Again, if there is a reason for security that needs more than what has been done and if there are mitigating factors that can be used I’m fine with it.


That statement is simply false. It does make for stirring up passions, as well as being dismissive of the obvious.

This statement is true.

All cryptosystems are insecure.

How insecure they are is purely relative, never absolute.

But whether you’re simply an operator who’s been told their system is encrypted and they assume anything can be communicated in perfect privacy OR they are the sort of person who simply likes arguing for their favorite means of encryption that makes them feel all warm and fuzzy, there is no absolutely secure system. The very fact that you suggest that such a thing exists shows you barking up the wrong tree with this entire argument.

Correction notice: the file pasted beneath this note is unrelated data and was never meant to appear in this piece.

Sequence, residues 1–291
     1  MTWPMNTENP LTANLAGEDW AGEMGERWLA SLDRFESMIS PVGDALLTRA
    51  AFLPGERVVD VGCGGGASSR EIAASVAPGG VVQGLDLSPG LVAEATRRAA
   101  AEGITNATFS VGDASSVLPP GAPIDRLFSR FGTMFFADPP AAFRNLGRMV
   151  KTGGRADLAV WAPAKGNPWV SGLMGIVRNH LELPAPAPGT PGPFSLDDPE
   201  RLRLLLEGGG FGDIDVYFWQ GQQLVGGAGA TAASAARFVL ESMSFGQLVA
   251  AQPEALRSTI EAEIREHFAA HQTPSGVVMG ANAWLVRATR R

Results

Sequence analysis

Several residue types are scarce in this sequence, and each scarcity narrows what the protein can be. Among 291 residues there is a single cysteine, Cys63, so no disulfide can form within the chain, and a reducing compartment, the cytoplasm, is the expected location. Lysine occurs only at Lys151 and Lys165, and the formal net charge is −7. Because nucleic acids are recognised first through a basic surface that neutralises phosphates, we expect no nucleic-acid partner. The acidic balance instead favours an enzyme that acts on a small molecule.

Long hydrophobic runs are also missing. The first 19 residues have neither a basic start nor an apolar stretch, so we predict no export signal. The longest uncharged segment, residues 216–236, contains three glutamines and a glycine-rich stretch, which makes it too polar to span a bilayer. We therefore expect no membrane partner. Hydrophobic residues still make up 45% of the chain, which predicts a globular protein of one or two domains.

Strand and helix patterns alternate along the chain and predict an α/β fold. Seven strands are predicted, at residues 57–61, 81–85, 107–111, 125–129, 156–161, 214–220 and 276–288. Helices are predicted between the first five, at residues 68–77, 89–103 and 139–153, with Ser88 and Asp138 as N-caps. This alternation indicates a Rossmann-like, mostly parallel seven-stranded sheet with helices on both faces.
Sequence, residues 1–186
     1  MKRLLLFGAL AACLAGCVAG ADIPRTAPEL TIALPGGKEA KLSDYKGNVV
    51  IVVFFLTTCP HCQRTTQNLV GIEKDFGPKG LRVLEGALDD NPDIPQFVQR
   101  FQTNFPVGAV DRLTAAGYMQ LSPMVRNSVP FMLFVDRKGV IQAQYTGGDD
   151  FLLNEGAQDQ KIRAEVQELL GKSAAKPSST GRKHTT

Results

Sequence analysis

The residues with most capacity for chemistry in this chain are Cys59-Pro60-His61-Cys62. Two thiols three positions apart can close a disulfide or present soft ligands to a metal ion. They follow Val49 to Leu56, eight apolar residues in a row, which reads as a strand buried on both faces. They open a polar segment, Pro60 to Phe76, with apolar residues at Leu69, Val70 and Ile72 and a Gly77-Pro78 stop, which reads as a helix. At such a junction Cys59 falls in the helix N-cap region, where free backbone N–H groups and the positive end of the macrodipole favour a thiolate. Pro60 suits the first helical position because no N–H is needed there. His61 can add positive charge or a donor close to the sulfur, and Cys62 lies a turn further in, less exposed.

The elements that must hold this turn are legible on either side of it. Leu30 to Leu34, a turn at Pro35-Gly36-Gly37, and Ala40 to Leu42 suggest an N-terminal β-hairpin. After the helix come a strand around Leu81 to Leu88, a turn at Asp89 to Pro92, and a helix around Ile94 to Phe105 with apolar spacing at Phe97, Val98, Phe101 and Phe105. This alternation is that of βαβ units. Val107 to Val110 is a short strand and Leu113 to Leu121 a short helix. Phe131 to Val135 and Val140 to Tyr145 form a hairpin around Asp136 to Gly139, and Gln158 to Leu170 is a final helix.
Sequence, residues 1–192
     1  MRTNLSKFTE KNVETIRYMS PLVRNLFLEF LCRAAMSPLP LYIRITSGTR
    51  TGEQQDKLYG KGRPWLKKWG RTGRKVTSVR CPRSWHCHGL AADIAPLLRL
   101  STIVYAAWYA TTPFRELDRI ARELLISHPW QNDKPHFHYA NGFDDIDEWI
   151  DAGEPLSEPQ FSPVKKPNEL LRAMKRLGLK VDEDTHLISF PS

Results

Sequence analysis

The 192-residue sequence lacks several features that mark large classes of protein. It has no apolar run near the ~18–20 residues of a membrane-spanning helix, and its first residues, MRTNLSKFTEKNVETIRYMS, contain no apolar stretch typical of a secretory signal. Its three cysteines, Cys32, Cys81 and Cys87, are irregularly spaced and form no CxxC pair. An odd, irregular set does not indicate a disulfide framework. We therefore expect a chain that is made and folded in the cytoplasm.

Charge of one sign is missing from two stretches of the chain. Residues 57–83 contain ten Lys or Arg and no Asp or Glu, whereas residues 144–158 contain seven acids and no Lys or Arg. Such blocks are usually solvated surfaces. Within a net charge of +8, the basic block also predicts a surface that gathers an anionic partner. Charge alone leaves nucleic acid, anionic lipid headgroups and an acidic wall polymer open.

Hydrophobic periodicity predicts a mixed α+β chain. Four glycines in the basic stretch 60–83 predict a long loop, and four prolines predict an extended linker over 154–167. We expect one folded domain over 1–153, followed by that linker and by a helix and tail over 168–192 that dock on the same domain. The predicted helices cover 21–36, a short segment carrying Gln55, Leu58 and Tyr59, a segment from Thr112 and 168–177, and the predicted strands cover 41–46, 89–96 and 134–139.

Your line of reasoning on this just happens to be the Golden Strawman of Crypto, something that is ethereal, at best, but something no one has yet be able to get their hands on. It’s nothing more than chasing a mirage.

And, seriously, does anyone really think that the example that they might have in mind as (mistakenly) representing a secure system – and I can think of many, all broken in the dust, but which at one time were thought quite highly of considering the millions (maybe billions) invested in them – should nonetheless serve as a comparable counterexample to a tiny device that is readily available to consumers for under a $100?

The goTenna Mesh is not meant, intended, or sold as representing such a (realistically) unavailable device. It is intended to secure ordinary communications against snoopy people.

If you’re worried about people following you home and doing whatever, then you’ve got bigger issues than worrying about getting some sort of Consumer Report for the Paranoid so you won’t, in your eyes anyway, think you’re being frivolous with your purchasing power.